Montreal’s AlayaCare is raising $33 million in primary venture capital to put towards its home healthcare technology. Coupled with $18 million in secondary money, the series B round is worth $51 million in total.
The funding is coming from Inovia Capital, the Caisse de dépôt et placement du Québec (CDPQ) and Investissement Québec.
CEO Adrian Schauer told MTLinTECH that the $100 million dollar home care software market in Canada is ripe for change, and Alaya Care is taking advantage.
“We made some bets on how the home care market was going to shift and those are turning out to be true, and so we’ve got a good lead on our competitors. It’s a space where there’s a lot of old, incumbent software and there aren’t a ton of hot new players,” said Schauer.
However, “home care is evolving at a frenetic pace, and the market is clearly shifting to a technology-enabled delivery model,” he said.
AlayaCare’s platform helps home and community care agencies manage all aspects of their business and operations using a single cloud-based SaaS platform. This can improve the patient experience, improve the caregiver experience and lower costs for organizations by streamlining billing and communications. The platform includes back office, client and family portals, remote patient monitoring, telehealth, and mobile care worker functionality.
The cost of delivering follow-up care after a hospital visit is far lower than keeping patients in the hospital. However, the tools used to manage this type of care hasn’t evolved with the times.
AlayaCare will target Canada, the US and Australia. They’ll use the new funding to invest in those markets, invest in the product and even acquire other companies. They’ll also hire more folks in Montreal, which houses about 115 of its 200 employees.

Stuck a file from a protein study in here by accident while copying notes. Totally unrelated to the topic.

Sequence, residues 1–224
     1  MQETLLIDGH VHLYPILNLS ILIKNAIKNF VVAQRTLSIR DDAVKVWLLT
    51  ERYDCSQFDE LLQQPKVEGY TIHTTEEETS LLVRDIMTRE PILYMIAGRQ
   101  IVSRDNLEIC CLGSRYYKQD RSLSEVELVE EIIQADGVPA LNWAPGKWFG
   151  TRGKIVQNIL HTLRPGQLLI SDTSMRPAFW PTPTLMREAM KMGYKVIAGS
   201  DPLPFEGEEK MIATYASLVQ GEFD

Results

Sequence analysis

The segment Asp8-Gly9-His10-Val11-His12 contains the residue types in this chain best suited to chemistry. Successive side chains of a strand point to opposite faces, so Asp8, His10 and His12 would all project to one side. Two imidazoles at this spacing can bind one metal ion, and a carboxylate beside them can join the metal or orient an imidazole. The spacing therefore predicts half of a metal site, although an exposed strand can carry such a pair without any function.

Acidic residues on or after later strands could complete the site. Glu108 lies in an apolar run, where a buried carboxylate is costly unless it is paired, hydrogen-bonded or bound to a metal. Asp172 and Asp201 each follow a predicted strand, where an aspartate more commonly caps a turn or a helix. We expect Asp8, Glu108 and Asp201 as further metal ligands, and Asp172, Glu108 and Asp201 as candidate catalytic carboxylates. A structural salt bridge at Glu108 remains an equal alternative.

AlayaCare is Schauer’s third startup, after having previously sold his first two startups. Both of those were also in the home care space. AlayaCare’s first few investment rounds were cheques that Schauer wrote himself. In late 2016 the company raised an angel round of funding and, in 2018, the company did a series B round worth $13.8 million, led by iNovia. To date, AlayaCare has raised just over $50 million in venture funding.
For Schauer, the home health care market was underserved in quality software. Before he came to that conclusion, a few significant events in his career path happened.
Schauer’s previous startup was a mobile workforce management platform, later acquired by Red Prairie (JDA). Before that he sold Vortex Mobile, a mobile marketing company, to Transcontinental.
“We weren’t able to really follow the ambition there but I had seen enough of the home healthcare market to know that there was a mobile workforce management opportunity,” said the CEO. “In parallel I invested in a point-of-care medical device company back in 2013 and that opened my eyes to all the things that happen at the hospital today which will happen at the home bedside tomorrow.”
Enter AlayaCare in 2014. The Montreal-based company now has over 200 employees and has offices in both Toronto and Melbourne, Australia.
“He’s like this guy who you meet and you want to be his friend right away. He’s the type of entrepreneur that we’re extremely comfortable doubling up on.”
iNovia Capital’s Chris Arsenault compared the aim of AlayaCare’s vision to that of Montreal tech success Lightspeed. All the complexity is managed in the backend while the frontend service is simple and elegant.
But Arsenault went further in his analysis of his new investment, telling MTLinTECH that this bet was made largely on the CEO Schauer.
“Adrian is an amazing entrepreneur,” said Arsenault. “We got to know him two years before we invested in his company for the first time and he continues to up the bar. He’s like this guy who you meet and you want to be his friend right away. He’s the type of entrepreneur that we’re extremely comfortable doubling up on.”
“Investing in entrepreneurs is a very subjective experience,” continued Arsenault. “You want the entrepreneurs with the leadership, vision and the grit to get it done no matter what but at the same time to be able to listen and decide if they need to change their direction. Adrian is one of those leaders who I’ll back again and again.”